Performance Management High Performance Leadership Organization Structure

John TimpsonA few years ago, my wife and I visited Scotland and stayed in the flat of some good friends here in Anchorage.  It was located in the small town of Monifieth (near Dundee).  We were advised to go to the Milton Inn for some excellent pub food. It was a great recommendation and we ended up going back several times.  The owner proprietor, Mark Barton, became an instant friend.  We began talking about management theories and practices.  The night before we left, he presented me with several management books written by successful Scottish businessmen.

If you’ve been to Scotland, you know that pretty much everything there is well run.  Streets are clean, trains run on time, service is friendly and competent everywhere. Clearly, there is something in their ale or Scotch that brings out the best.

I eagerly accepted this gift of Scottish wisdom and dove into the books. One of the results of the knowledge gained is a series of blog posts I wish to share with our readers. This post is the lead in that series based on the writings from the authors Mark provided to me.

The first author is John Timpson and the book, Upside Down Management[1]. The book begins with a fascinating story of the author coming into the business at age 10 as a member of the third generation of Timpson’s involved in the shoe business. In his twenties, he witnessed a coup at the board level that took out his father and himself. Sometime later he bought back the business with the help of a venture capitalist. But, the shoe business was changing dramatically. The rise of casual shoes, cheap imports and mail order made shoe stores nearly extinct and put shoe repair shops in serious decline.

Timpson’s approach to management and his decision to diversify into key-cutting, engraving, watch repairs, dry cleaning etc. supported growth to 850 stores by 2010 with continued rapid growth.  There are Timpson stores immediately adjacent the entrance to super markets throughout the British Isles.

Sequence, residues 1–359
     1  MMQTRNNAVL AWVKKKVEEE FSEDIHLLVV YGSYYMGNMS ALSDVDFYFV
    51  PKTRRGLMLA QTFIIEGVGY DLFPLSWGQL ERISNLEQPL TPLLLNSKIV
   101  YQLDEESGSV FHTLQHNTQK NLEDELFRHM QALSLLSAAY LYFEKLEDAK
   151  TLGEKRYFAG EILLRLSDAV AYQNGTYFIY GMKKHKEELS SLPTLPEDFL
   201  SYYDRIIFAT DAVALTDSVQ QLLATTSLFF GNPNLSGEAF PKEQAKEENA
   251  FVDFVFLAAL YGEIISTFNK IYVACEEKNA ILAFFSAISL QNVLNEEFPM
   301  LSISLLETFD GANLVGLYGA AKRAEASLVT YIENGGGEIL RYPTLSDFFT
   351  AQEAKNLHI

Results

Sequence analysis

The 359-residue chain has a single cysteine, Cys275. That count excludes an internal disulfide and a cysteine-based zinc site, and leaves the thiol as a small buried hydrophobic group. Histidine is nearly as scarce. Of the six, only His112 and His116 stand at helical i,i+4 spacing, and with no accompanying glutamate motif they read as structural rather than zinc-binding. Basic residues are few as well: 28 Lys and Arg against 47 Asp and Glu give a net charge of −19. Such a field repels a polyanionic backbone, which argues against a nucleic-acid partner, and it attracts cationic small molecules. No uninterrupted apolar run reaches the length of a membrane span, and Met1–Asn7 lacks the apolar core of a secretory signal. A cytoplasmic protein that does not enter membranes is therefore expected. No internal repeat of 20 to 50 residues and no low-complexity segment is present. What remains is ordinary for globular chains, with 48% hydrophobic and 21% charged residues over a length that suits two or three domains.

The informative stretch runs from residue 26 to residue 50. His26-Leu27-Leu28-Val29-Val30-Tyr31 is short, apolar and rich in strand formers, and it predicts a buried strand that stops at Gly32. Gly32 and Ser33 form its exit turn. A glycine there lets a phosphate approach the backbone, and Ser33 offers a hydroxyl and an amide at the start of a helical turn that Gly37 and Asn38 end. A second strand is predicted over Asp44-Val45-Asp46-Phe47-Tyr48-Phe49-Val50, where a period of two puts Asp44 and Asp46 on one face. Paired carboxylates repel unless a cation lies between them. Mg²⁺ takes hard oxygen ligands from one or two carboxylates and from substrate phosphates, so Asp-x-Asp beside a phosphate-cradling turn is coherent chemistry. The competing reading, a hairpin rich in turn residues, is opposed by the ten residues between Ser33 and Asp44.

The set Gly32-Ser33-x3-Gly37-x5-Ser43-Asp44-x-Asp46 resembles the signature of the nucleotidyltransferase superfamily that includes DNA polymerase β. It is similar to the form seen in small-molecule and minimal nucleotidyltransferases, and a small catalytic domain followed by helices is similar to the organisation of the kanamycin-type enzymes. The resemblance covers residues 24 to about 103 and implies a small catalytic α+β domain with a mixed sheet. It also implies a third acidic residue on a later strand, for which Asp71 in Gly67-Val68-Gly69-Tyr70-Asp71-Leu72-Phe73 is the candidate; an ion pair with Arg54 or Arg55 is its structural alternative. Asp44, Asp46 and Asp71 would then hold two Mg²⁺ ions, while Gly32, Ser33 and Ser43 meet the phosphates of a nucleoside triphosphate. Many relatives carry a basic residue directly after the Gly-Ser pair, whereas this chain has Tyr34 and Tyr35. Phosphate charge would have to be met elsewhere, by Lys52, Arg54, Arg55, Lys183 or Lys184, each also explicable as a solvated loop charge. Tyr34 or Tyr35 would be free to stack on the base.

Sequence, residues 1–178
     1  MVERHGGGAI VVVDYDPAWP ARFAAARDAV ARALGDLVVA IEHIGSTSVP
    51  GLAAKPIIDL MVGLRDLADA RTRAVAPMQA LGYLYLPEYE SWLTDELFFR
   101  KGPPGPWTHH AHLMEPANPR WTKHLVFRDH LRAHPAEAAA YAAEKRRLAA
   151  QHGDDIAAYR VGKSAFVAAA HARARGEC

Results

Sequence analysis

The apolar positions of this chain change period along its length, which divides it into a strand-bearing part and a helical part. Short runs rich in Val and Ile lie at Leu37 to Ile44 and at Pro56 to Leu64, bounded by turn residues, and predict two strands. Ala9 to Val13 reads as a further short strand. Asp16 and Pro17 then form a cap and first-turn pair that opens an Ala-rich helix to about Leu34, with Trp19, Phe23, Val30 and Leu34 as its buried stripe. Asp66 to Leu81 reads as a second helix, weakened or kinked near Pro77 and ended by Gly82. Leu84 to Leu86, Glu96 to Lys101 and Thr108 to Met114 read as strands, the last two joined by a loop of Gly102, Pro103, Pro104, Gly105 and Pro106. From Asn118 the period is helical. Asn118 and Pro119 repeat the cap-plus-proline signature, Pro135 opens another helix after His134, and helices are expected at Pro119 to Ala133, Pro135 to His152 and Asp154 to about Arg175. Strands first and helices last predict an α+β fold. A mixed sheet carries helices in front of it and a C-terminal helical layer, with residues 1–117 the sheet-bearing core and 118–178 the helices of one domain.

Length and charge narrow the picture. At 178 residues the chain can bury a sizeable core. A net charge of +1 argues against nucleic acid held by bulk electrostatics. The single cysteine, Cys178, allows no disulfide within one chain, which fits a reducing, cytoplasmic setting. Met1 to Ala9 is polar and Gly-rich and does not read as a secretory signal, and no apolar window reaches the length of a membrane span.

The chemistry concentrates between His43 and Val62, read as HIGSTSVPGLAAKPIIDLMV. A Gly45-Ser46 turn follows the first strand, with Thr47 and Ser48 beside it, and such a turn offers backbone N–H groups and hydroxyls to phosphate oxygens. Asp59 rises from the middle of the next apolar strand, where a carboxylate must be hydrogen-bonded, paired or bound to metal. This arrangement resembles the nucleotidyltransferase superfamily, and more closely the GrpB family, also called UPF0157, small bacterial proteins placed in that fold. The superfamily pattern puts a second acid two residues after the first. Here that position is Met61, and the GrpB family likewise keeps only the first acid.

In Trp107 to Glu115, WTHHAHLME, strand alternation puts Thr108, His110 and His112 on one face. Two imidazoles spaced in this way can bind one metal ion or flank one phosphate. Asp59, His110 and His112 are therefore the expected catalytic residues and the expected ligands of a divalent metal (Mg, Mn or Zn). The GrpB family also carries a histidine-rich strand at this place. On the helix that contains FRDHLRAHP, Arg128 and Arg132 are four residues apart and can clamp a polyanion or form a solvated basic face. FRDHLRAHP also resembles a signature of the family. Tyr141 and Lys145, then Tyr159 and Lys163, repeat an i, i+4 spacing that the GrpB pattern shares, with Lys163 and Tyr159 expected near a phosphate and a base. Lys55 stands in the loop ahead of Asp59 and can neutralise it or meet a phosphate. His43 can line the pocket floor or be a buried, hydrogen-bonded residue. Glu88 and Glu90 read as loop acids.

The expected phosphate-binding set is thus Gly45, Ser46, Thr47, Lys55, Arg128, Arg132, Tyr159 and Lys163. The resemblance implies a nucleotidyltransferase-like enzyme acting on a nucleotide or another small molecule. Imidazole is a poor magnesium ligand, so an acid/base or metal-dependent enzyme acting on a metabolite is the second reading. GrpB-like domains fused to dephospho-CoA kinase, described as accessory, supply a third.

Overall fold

One of Timpson’s main philosophies hearkens back to a founding tenet of PGS. Those of you familiar with the early days of PGS may recall that our original logo was an inverted triangle atop a triangle.  It was intended to depict turning an organization on its head, i.e. focusing on making the employees at the bottom of the organization the most powerful in terms of decisions for customers.  That philosophy was grounded in my experience as a manager as well as watching the rise of Nordstroms that was fueled by that same philosophy.  Timpson’s book offers some wonderful nuggets of technique and theory on that same basic philosophy.

What drove Timpson to Upside Down Management was the realization that the only means to successfully compete with a well-capitalized competitor in a shrinking market was superior customer service.  To get there, he theorized that he had to “give branch managers authority and trust them to get on with it.”

Upside Down Management is based on the following basic principles:

  1. All colleagues have the freedom to do their jobs the way they choose
  2. Every boss’s job is to help his or her team
  3. No KPI’s, no boxes to tick
  4. Bosses don’t issue orders
  5. Head Office is a helpline – it does not run the day-to-day business

Timpson’s first attempt at implementing his Upside Down theory started with his “10 Golden Rules of Service” to inform shop staff exactly how to handle customers. However, it didn’t work, as “no rule can cater for the unexpected”, i.e., there was always an exception or special case walking in the doors of his shops that his 10 Golden Rules could not serve.  He realized that he had to empower the shop staff to effectively deal with “the 10% of who need something special”.  He ended up posting the following sign in every branch:

“The staff in this shop have my total authority to do whatever they can to give you amazing service.”

John Timpson

Implementing the new management approach proved much more challenging than he thought.  He expected staff in the shops to welcome the new freedom. But he found that many did not. “Won’t do” employees as I call them, didn’t want the responsibility that came with this new freedom to serve.  Others didn’t trust it.

More importantly, middle-management, in this case Timpson’s area managers, were threatened by it.  Their impression was that since they would no longer be engaged in oversight of individual branches, they had no real authority or responsibility left. What were they going to actually do in this new management model?  Timpson had to re-define their jobs as trainers, delegators, team builders.  He developed a training manual for their new role and gave them flexibility to define incentives for their area. They began to thrive.

He also redefined the “head office” as Timpson House, charged with supporting area managers.  The “head office’ was forbidden from issuing orders and its staff was required to spend at least one day each year working in a branch. Once the dust settled, the approach took off and his staff at all levels, and their customers, thrived under the new philosophy

In the next post, we will explore some innovative techniques Timpson employed to transform his business.

[1] Timpson, John, Upside Down Management – A Common Sense Guide to Better Business, Wiley, 2010